1. two different numbers assigned to the octagonal "470" amphibian, depending on the case finish.
  2. "710" assigned to the "Old Ministry" case.
  3. "937" assigned to a 1990 group of integral bracelet automatics which included the iconic "scuba dude" with black bezel given the number "960" in the data base.

 

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I was mostly struck by how the numbers seen in the catalogs were consistent with the numbers discovered in compiling the database with only these exceptions:


  1. two different numbers assigned to the octagonal "470" amphibian, depending on the case finish.
  2. "710" assigned to the "Old Ministry" case.
  3. "937" assigned to a 1990 group of integral bracelet automatics which included the iconic "scuba dude" with black bezel given the number "960" in the data base.
I should read 9370 rather than 937 in this case (considering that the dial numbers are, in my experience, always 3 digits while case numbers may be 4 digits as in "1190"). Maybe at that time Vostok considered using 4 digit codes for its cases and went back to 3 digits later ? In a way it would be logical for them to use 4 digits (as they seem to keep the last figure for material or finish - stainless, chrome, etc.) 3 digits minus 1 is 2 and that leaves only 99 to 100 possibilities for the shape of the case...
 

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I have two 119s with the same dial, obtained from two different sources, and both have the same flat crown. I'll post a photo tomorrow.
 

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Discussion Starter #18
I have two 119s with the same dial, obtained from two different sources, and both have the same flat crown. I'll post a photo tomorrow.
I know they are out there, also type 350s with the flat crown, I just haven't seen a picture of one in a catalog. The crowns were obviously made for the type 350 or type 119 since that's all they will fit (Vostok 2209 movement) but where and when is a mystery. I would love to see a catalog picture of one with a flat crown.
 

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This site is such a wealth of information.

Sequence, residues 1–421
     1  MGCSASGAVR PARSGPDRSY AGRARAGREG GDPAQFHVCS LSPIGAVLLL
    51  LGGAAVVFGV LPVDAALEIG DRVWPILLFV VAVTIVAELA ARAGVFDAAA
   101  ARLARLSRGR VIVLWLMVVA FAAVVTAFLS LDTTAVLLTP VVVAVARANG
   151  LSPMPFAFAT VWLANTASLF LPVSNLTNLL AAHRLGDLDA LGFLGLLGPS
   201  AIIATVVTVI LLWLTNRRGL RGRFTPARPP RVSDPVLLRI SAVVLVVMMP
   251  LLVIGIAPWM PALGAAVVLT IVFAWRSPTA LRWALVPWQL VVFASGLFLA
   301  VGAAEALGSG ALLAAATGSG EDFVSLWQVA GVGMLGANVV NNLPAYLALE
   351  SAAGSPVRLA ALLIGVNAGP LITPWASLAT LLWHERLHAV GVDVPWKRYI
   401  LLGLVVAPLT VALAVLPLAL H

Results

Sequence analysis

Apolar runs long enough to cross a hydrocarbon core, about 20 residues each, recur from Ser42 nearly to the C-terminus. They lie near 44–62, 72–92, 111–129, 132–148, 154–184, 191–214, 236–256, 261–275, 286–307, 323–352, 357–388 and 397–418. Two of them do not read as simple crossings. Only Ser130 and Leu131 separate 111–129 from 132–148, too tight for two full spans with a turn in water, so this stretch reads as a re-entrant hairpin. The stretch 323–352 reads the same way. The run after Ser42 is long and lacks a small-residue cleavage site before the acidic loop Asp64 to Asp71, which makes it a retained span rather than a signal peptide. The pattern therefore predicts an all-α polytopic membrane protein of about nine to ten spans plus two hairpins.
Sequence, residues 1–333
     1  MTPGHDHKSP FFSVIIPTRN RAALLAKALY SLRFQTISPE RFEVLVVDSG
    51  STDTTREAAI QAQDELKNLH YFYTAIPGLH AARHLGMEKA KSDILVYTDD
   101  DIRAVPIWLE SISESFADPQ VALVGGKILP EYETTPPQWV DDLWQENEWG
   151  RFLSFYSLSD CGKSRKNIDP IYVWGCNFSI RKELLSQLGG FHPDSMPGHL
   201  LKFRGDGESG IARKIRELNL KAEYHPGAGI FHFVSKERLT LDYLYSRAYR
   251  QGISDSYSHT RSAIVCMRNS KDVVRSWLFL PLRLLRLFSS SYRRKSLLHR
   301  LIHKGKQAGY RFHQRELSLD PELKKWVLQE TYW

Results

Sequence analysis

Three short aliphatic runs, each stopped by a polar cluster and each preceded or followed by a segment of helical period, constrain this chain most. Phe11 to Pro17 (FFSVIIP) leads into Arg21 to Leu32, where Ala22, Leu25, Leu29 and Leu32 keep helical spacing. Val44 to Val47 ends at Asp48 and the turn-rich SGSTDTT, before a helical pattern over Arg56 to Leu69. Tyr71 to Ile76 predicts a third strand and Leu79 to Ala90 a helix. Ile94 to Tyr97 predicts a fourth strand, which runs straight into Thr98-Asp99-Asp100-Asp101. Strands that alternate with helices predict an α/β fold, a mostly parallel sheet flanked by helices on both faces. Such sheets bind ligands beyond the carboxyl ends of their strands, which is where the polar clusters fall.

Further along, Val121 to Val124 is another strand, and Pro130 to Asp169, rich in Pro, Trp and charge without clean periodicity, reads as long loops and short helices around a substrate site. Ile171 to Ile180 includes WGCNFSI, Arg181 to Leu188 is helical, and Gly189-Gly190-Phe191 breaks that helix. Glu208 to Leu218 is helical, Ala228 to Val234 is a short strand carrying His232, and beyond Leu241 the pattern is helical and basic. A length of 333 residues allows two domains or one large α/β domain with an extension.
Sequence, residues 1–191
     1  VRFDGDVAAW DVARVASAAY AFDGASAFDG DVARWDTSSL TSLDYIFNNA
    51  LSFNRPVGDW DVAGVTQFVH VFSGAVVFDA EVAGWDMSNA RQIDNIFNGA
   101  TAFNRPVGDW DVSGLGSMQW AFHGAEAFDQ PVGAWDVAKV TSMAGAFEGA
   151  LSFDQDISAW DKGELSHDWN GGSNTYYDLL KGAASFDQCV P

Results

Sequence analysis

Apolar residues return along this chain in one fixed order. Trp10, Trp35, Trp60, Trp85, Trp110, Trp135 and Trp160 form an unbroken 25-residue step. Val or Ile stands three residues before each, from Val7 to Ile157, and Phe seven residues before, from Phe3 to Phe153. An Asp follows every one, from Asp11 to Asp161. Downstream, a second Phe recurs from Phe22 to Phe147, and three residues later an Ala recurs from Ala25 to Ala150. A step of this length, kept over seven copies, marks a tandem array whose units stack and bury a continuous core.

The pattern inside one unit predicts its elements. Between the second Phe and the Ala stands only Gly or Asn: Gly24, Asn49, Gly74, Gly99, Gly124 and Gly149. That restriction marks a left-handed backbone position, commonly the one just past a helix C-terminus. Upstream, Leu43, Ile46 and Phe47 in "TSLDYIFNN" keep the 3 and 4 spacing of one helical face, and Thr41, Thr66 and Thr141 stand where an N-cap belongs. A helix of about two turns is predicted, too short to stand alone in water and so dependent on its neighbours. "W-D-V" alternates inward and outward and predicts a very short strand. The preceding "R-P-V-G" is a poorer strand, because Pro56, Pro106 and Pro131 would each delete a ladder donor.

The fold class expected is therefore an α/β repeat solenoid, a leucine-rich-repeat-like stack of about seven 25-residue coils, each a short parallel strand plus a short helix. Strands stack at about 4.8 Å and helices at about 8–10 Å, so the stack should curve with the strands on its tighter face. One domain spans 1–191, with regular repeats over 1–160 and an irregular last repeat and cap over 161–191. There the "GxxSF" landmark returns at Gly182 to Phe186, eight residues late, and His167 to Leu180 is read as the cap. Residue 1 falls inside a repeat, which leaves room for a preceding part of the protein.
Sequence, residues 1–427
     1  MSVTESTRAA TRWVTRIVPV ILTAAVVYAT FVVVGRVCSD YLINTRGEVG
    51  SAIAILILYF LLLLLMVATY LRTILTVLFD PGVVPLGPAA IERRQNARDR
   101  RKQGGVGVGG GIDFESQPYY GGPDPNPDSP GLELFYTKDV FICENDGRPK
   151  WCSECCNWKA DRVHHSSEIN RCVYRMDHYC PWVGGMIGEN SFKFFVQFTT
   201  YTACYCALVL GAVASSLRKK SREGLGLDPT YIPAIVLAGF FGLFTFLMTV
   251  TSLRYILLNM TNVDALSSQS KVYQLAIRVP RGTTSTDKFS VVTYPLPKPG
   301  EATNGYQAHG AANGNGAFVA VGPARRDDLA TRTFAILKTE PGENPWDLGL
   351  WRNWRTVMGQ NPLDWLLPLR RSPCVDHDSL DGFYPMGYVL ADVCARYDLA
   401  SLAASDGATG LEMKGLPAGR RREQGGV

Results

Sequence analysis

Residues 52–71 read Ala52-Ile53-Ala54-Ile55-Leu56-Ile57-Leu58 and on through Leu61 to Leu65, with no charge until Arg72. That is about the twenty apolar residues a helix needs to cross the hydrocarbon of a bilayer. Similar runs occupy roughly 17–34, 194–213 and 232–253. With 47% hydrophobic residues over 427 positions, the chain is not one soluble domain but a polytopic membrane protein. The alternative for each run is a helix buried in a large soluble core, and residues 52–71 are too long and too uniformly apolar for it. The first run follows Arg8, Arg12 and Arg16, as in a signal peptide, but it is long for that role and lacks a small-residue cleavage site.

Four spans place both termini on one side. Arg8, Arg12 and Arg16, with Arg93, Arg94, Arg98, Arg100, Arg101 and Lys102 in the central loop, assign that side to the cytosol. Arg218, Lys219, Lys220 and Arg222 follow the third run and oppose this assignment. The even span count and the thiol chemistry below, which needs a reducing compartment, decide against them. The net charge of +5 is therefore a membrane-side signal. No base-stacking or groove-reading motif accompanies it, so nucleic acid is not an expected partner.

I do have a couple questions though. Does anyone have a picture of the catalog from the first year of the Amphibian (1967 correct?, or was that the year it was designed?)? And is the swing wire lugs just a variation on the standard type 350 or does it have its own code?

 

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Discussion Starter #20 (Edited)
This site is such a wealth of information.

I do have a couple questions though. Does anyone have a picture of the catalog from the first year of the Amphibian (1967 correct?, or was that the year it was designed?)? And is the swing wire lugs just a variation on the standard type 350 or does it have its own code?

[/Q

UOTE]

I have established to my own satisfaction (http://timeway.ru/articles/na_sushe_i_na_more/) that 1967 was the year the basic amphibian design was completed and demonstrated to the public. I believe they had a car run over it. I have no idea what the watch itself looked like. The 1970 type 350 with the black bezel is the earliest one I could find in a catalog and I think it would be a good candidate for the first one since it could very easily have taken a couple years after 1967 to produce a marketable watch.

As far as I know the swing wire lug was a variation found on the 300 meter version only, a serious tool, so that a wider band could be fitted.